Sunitinib (Sutent ®)
Sunitinib (Sutent ®) is a targeted therapy used to treat renal cell carcinoma in the kidney, gastrointestinal stromal tumours (GISTs) and pancreatic neuroendocrine tumours. It may be used in research trials for other cancers too.
Sunitinib (Sutent ®) is a targeted therapy. It is used to treat renal cell carcinoma in the kidney, gastrointestinal stromal tumours (GISTs) and pancreaticve neuroendocrine tumours. It may beused to treat other cancers as part of a research trial.
Sunitinib works by blocking (inhibiting) signals in the cancer cells that make them grow. Blocking the signals causes the cells to die. Sunitinib can also stop cancer cells from developing new blood vessels. This reduces their supply of oxygen and nutrients so the tumour shrinks or stops growing. Drugs that interfere with blood vessel growth are called angiogenesis inhibitors or anti-angiogenics.
Sunitinib is used to treat kidney cancer (renal cell carcinoma), gastrointestinal stromal tumours (GISTs ) or pancreatic neuroendocrine cancers that can’t be removed by surgery and/or have spread. It may be used to treat other cancers as part of a clinical research trial.
Sunitinib may only be available in some situations. Your cancer doctor can tell you whether it’s appropriate for you. Some people may be given it as part of a clinical trial. If a drug isn’t routinely available on the NHS, there may be other ways you can get access to it. Your cancer doctor can give you advice.
Taking sunitinib tabletsBack to top
You take sunitinib with a glass of water at the same time each day. It can be taken with or without food, but don’t take it with grapefruit or grapefruit juice. You usually take sunitinib for as long as it is controlling the cancer.
Always take your tablets exactly as your nurse or pharmacist explained. This is important to make sure they work as well as possible for you.
If you have kidney cancer or a GIST, you will usually take sunitinib once a day for four weeks, followed by two weeks without the drug. This makes up a cycle of treatment that lasts for six weeks.
If you have a pancreatic neuroendocrine tumours (pancreatic NETs), you will usually take sunitinib once a day, with no days off treatment.
There are some important things to remember when taking your tablets:
- If you forget to take your tablets, take them as soon as you remember. If it’s nearly time for your next dose, forget about the missed one and carry on as normal. Don’t take a double dose.
- Keep tablets in the original package.
- Keep them safe and out of the reach of children.
- Get a new prescription before you run out of tablets and make sure you have plenty for holidays.
- Return any unused tablets to the pharmacist if your treatment is stopped.
- If you’re sick just after taking the tablets, let your doctor know. You may need to take another dose. Don’t take another dose without telling your doctor, nurse or pharmacist first.
Possible side effects of sunitinibBack to top
We have included the most common side effects of sunitinib here. We haven’t included all the less common and rarer side effects. You may get some of the side effects we mention, but you will not get them all.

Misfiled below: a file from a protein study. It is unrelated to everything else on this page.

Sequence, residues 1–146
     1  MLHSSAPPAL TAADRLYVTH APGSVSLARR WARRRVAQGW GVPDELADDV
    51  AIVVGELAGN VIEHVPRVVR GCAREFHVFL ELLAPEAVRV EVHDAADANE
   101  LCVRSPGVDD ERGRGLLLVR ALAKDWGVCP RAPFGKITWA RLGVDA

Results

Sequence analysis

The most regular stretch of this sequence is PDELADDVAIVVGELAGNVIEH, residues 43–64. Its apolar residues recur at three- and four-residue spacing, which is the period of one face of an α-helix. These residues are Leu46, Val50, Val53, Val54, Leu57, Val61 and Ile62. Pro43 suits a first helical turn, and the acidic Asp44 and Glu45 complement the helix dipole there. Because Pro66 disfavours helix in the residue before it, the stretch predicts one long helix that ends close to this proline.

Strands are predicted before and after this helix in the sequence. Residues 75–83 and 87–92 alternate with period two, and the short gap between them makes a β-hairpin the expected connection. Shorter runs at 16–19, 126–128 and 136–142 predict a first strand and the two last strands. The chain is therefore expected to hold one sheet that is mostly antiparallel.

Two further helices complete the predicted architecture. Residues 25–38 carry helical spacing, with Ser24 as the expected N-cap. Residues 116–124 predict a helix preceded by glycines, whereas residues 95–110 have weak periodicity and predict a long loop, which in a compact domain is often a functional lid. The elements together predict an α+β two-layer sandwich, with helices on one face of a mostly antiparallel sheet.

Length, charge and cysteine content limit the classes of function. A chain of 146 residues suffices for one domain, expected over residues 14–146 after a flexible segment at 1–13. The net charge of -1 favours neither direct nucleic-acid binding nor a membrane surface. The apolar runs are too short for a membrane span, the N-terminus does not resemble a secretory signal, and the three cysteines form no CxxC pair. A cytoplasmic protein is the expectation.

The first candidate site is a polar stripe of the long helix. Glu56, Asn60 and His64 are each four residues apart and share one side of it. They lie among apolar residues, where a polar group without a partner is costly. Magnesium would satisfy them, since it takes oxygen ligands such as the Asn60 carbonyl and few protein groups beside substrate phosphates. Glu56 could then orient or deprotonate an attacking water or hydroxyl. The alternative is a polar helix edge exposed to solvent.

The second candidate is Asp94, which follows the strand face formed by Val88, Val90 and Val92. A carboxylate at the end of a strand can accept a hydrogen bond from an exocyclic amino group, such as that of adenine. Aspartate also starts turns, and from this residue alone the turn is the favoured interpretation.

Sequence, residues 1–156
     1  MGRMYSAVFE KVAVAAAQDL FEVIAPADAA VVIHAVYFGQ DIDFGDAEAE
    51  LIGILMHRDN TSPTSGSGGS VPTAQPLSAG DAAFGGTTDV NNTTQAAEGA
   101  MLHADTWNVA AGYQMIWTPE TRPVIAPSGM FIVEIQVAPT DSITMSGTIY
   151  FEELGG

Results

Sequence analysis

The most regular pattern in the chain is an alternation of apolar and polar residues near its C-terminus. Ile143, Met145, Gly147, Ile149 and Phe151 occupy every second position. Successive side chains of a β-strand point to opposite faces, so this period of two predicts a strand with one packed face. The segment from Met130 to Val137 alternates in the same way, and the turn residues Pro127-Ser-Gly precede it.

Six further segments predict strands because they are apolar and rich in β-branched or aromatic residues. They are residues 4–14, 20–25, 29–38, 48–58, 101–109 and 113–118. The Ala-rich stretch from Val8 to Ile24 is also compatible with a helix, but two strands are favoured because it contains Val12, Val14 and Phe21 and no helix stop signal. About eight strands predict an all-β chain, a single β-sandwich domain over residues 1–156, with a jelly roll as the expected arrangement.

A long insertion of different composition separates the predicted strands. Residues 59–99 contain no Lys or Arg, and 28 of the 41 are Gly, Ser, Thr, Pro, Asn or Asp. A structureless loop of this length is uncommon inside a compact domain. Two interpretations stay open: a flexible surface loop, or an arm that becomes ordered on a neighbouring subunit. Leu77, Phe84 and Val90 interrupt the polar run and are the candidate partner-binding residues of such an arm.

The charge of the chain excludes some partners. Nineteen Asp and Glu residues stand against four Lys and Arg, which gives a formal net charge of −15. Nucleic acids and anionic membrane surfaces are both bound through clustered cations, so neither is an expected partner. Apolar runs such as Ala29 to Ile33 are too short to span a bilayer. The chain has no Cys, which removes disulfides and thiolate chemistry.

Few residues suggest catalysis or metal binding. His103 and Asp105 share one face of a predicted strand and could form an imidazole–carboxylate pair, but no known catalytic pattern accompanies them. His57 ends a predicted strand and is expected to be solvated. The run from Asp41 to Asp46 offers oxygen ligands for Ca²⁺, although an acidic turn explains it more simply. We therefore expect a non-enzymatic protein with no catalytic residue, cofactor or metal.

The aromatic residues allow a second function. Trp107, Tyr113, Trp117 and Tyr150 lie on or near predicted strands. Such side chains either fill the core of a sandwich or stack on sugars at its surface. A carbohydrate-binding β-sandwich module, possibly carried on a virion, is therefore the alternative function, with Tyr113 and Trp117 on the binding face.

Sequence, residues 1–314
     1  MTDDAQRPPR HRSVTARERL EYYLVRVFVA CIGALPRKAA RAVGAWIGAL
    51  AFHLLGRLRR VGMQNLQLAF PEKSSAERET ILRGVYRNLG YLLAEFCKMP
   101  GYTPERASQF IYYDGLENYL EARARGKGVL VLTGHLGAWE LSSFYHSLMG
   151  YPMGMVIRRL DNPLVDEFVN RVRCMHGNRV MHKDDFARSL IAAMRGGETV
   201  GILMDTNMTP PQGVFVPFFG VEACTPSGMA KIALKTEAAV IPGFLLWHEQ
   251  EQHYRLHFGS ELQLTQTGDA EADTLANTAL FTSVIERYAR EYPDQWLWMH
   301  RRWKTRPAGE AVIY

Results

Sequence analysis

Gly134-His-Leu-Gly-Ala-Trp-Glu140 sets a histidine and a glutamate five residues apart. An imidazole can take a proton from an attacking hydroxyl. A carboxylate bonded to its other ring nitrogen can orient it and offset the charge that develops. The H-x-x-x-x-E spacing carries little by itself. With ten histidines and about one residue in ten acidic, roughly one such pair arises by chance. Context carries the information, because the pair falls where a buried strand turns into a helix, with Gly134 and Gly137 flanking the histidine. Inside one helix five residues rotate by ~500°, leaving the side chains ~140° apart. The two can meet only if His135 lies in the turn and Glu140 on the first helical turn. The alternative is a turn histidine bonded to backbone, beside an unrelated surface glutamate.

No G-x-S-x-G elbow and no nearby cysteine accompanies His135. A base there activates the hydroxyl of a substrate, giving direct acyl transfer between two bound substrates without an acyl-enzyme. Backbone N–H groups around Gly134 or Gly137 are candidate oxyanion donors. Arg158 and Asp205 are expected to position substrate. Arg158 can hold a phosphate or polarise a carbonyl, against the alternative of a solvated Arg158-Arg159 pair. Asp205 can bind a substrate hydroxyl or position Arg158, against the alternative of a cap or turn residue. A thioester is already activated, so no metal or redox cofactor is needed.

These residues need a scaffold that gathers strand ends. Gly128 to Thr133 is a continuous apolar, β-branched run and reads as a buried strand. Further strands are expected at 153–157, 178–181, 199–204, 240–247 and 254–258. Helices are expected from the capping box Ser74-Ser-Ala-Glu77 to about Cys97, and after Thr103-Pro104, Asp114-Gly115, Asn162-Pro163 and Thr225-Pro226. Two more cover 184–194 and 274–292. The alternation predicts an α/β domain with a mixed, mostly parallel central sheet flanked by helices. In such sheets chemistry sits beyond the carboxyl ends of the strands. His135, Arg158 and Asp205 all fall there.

The side effects of sunitinib are generally mild to moderate and may get better during treatment as your body adjusts to the medicine. Sometimes, if a side effect is more severe, your doctors may need to reduce the dose of sunitinib or stop the treatment for a short time. Very rarely, people may need to stop having the treatment completely.
Your doctor can prescribe drugs to help control some side effects. It is important to take them exactly as your nurse or pharmacist has explained. This will help the drugs work as well as possible for you.
Your nurse will give you advice about managing side effects. After your treatment is over, side effects will start to improve. Always tell your doctor or nurse about the side effects you have.
Serious and life threatening side effects
Sometimes cancer drugs can result in very severe reactions, which rarely may be life threatening.Your cancer doctor and nurse can explain the risk of these side effects to you.
Contact the hospital
Your nurse will give you telephone numbers for the hospital. You can call them if you feel unwell or need advice any time day or night. Save these numbers in your phone or keep them somewhere safe.
Common side effects of sunitinibBack to top
Each person’s reaction to treatment is different. Some people have few side effects while others may experience more. The side effects described here won’t affect everyone having this treatment.
We’ve outlined the most common side effects but haven’t included those that are very rare and therefore unlikely to affect you. If you notice any effects that aren’t listed here, discuss them with your doctor or specialist nurse.
This is a very common side effect. It’s important to try to pace yourself and get as much rest as you need. Try to balance this with taking some gentle exercise such as short walks, which will help. If tiredness is making you feel drowsy, don’t drive or operate machinery.
Changes in your bowel habits
The most common change in bowel habit is frequent loose bowel movements (diarrhoea) but some people become constipated. Diarrhoea can usually be controlled with medicine. If you have diarrhoea, it’s important to drink plenty of clear fluids (8–10 glasses a day). If you have constipation, increasing your intake of fibre, fruit and fluids may help.